Population ageing - a growth in the proportion of a population that is in older age - is now occurring in every region and nearly every country of the world. Indeed, the growth of older populations is among the important global phenomena of the twenty-first century.
It poses both opportunities and challenges for societies and policy makers, but these are far from uniform worldwide. Dynamic factors are at work impacting on how ageing will influence people, places and policies and there are large variations in the rate and timing of population ageing across countries, owing to differing social, health and economic circumstances and a variety of policy options from which to choose.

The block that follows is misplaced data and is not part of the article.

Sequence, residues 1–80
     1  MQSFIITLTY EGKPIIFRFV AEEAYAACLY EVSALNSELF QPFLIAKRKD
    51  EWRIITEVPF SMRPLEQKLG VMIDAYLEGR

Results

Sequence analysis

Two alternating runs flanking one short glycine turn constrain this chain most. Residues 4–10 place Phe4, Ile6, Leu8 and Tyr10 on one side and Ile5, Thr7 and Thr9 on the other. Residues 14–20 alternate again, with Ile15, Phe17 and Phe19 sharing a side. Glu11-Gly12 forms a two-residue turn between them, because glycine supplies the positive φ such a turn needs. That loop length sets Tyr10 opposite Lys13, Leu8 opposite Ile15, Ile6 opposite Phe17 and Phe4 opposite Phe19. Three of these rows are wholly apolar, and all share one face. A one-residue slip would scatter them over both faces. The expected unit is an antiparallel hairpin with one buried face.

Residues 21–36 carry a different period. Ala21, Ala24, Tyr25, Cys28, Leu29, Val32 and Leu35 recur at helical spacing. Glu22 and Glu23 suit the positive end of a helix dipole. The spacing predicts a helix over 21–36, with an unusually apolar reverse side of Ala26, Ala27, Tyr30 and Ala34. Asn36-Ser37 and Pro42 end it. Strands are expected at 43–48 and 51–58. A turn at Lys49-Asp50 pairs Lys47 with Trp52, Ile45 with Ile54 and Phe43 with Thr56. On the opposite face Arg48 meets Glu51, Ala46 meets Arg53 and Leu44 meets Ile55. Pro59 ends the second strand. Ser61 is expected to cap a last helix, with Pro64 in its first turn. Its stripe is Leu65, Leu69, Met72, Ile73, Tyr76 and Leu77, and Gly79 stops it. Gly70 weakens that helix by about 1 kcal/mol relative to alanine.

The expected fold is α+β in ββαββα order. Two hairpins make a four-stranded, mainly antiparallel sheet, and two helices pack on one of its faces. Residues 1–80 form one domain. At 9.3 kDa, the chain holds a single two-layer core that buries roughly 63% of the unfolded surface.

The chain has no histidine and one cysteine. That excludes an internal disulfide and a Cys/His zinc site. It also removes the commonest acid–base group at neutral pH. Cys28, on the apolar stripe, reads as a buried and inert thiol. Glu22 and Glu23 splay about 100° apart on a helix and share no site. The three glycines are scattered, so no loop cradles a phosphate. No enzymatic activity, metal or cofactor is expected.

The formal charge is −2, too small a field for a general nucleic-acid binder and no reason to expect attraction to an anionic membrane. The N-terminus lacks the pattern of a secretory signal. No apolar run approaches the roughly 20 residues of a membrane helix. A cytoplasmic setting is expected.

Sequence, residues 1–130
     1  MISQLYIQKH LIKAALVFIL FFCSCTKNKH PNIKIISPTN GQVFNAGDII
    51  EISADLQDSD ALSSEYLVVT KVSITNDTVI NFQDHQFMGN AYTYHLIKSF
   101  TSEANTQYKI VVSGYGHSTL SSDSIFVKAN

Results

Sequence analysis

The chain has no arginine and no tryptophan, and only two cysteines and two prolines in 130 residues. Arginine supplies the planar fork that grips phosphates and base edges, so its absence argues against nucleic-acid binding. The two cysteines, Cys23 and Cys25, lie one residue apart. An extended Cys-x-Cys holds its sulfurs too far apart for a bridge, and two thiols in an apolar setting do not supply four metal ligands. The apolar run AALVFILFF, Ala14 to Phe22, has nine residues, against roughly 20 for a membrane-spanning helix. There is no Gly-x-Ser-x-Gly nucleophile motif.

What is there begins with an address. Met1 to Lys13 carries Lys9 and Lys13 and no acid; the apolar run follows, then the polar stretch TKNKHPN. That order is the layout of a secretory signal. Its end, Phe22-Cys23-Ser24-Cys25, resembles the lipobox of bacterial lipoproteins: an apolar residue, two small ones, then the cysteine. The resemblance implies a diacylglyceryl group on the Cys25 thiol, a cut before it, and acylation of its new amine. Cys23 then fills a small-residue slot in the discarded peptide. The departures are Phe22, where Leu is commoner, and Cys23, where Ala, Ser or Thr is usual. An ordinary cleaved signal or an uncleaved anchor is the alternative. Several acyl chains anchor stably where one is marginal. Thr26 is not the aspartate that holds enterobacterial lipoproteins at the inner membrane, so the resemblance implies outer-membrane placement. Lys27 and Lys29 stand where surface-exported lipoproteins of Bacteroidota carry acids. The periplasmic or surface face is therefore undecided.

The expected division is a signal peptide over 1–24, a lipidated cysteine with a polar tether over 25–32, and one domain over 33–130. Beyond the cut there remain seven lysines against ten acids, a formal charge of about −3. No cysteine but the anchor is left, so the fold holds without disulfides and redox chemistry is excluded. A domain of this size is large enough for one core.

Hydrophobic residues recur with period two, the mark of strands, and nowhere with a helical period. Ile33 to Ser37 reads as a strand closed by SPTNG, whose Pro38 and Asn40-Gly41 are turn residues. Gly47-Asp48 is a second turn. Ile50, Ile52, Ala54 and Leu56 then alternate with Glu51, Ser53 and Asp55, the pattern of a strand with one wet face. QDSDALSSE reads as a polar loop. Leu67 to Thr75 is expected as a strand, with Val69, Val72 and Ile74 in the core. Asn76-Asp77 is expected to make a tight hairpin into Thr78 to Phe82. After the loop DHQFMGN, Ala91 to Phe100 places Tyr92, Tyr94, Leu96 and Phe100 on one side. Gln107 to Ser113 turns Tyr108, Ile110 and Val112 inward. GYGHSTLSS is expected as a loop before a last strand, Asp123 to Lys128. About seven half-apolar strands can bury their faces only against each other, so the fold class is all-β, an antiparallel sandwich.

Given this variation in the context of global ageing as a backdrop, this edited book focuses on three overarching themes that are among the most critical to understand if societies are to age successfully in the twenty-first century and beyond: Healthy ageing and health care; the ageing workforce, retirement and the provision of pensions; shifting intergenerational relations. These three themes are cross-cut by other dimensions that are intertwined with the dynamic processes of ageing, such as immigration/emigration, contrasting policy regimes and global and national economic forces.
This ground-breaking book will be of interest to all scholars, students and policy-makers working within this area of study.